OTTAWA - After the Ottawa Senators played their final home game of the 2015-16 campaign, Chris Phillips quietly snuck onto the ice with his teammates during the post-game festivities.
The usual end-of-season tradition in Ottawa sees all the players line up at the end of the game and hand over their sticks or jerseys to season ticket holders. When Phillips’ name was called, he skated down the ice and gave a one-armed salute – his signature goal celebration – one last time for the home crowd at Canadian Tire Centre. The resulting applause from the fans was genuine and warm, but somewhat awkward and muted because nobody knew for certain if this was indeed the end of the line for Phillips.
But as he stepped off the ice that night and embraced longtime teammate Chris Neil, it became obvious that this was the last time we would see Phillips on the ice in a Sens jersey. In many ways, that understated farewell moment perfectly encapsulated Phillips’ career in Ottawa; he was quiet, steady and never one to draw attention to himself.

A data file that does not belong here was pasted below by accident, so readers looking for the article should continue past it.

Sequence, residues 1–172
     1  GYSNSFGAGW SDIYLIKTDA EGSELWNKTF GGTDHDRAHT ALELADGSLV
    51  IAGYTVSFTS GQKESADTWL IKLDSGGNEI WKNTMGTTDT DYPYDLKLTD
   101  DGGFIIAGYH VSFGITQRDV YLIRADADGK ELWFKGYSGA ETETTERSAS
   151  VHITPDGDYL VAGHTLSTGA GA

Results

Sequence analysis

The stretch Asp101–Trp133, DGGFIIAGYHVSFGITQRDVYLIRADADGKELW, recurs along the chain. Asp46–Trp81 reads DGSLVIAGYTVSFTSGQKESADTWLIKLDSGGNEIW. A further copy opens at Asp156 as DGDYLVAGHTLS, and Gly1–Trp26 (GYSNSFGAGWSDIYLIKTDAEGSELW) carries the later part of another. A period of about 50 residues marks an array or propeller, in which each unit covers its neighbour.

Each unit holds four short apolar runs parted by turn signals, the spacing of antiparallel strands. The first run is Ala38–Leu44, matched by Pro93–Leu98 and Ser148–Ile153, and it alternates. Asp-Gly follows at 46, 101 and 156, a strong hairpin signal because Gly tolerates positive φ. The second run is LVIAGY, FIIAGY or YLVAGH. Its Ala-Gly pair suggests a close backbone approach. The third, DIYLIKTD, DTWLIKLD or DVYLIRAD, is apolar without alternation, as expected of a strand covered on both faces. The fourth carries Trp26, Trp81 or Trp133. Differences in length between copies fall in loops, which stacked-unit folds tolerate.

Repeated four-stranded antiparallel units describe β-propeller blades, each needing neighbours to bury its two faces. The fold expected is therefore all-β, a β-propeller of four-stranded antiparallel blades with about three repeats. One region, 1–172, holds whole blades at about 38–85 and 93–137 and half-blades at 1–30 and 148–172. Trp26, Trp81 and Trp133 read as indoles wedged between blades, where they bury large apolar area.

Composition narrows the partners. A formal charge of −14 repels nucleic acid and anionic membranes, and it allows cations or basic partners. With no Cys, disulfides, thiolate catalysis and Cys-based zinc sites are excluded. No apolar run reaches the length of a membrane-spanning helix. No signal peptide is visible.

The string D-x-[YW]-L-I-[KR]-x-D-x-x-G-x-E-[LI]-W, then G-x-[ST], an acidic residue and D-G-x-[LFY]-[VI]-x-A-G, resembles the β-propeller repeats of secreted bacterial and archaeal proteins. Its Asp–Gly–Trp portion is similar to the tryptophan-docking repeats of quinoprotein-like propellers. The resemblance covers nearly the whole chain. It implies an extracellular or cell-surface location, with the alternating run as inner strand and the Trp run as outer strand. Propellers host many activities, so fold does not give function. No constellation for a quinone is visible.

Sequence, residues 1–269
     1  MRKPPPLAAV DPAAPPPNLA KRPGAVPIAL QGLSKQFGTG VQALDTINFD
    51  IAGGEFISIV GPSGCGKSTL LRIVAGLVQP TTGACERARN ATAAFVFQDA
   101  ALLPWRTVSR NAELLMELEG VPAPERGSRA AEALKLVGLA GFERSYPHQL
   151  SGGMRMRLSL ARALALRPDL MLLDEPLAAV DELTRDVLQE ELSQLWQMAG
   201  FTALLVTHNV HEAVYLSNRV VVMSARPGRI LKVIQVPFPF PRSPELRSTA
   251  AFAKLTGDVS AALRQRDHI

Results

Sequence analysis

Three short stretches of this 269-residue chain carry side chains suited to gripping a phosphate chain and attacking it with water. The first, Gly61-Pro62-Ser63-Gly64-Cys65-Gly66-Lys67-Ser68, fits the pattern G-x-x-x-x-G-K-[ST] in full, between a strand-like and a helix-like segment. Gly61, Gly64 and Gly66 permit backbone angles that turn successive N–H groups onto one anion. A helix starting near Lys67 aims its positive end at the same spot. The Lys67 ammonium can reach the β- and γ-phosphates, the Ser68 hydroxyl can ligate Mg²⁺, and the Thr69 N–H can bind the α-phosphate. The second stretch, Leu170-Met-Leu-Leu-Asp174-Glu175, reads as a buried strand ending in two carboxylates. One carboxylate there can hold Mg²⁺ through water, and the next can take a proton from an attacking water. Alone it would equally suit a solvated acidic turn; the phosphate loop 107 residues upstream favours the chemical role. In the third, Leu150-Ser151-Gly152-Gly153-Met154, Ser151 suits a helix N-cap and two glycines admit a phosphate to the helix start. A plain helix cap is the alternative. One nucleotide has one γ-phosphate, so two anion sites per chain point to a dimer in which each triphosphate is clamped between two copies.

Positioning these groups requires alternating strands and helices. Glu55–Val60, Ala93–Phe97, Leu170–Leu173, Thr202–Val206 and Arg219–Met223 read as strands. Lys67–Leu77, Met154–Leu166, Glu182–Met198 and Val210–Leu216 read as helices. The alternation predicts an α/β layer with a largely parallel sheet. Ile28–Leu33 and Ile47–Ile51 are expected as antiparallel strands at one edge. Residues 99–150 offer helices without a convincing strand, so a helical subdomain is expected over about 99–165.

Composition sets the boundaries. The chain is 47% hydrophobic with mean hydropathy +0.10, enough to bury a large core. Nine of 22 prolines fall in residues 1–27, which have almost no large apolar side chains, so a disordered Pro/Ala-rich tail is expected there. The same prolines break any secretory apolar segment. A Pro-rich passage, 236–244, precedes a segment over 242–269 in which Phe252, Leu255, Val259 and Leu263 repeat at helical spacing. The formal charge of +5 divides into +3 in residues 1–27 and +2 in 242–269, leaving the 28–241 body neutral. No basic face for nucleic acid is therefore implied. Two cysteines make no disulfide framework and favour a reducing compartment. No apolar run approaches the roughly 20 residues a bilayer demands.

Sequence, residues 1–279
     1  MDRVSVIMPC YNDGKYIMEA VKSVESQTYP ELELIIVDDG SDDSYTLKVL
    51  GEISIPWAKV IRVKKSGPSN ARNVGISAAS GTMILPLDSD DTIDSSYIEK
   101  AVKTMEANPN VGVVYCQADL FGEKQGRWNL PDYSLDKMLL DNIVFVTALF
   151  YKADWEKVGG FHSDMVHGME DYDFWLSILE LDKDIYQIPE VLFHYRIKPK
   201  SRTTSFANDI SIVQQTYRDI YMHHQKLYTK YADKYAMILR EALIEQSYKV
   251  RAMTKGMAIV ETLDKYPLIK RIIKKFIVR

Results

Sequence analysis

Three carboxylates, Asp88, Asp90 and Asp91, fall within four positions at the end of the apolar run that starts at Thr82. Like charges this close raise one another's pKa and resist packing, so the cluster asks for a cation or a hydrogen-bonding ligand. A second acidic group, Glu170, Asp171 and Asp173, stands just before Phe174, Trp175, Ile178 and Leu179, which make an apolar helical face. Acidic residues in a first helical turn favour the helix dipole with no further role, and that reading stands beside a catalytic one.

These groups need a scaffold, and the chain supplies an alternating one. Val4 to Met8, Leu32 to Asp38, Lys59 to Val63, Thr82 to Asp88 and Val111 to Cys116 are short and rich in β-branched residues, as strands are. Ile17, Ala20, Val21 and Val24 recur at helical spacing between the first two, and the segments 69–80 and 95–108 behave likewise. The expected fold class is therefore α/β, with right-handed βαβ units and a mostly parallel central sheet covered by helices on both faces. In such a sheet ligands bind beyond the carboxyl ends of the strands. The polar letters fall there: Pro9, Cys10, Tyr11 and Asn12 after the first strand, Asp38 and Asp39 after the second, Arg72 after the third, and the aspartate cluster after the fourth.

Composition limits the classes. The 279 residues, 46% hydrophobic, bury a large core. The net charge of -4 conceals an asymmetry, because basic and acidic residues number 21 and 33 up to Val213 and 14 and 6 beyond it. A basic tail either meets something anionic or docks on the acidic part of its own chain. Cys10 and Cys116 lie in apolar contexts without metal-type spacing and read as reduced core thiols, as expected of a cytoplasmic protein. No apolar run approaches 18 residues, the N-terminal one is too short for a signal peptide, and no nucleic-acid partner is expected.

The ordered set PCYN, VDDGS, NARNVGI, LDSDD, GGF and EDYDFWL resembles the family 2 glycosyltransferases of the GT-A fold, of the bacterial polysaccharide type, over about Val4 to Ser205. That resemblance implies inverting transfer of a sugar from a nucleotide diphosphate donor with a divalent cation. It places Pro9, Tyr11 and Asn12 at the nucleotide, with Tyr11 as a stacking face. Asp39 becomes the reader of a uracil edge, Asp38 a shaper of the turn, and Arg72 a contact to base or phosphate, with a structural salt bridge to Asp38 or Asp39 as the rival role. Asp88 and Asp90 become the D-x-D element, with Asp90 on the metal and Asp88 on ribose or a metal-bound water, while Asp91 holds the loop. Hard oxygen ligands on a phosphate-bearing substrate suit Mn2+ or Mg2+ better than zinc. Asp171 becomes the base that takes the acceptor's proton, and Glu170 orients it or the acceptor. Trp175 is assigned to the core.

For a franchise that watched so many star players walk out the door for various reasons over the years – Yashin, Heatley, Spezza, Chara, Hossa, Alfredsson – Phillips was the ultimate stay-at-home defenceman. His name was often bandied about at trade deadline time, but he never wanted to leave. He never tested unrestricted free agency because he fell in love with this city.
He becomes the first player in franchise history to start and finish his career with the Ottawa Senators – a significant fact when you consider the list of aforementioned players who left town.
But it’s not just in Ottawa where Phillips’ career can be considered a rarity. Phillips joins a very exclusive club – one that only includes Hall of Famers Denis Potvin and Gilbert Perreault – as No. 1 overall draft picks who played 1,000 NHL games and spent their entire careers with only one franchise.
Phillips’ legacy, however, has become tangled and twisted with the Senators own missteps in recent years. There are some Ottawa fans who are too bitter and jaded at the current direction of the club to celebrate one of the most successful careers in franchise history.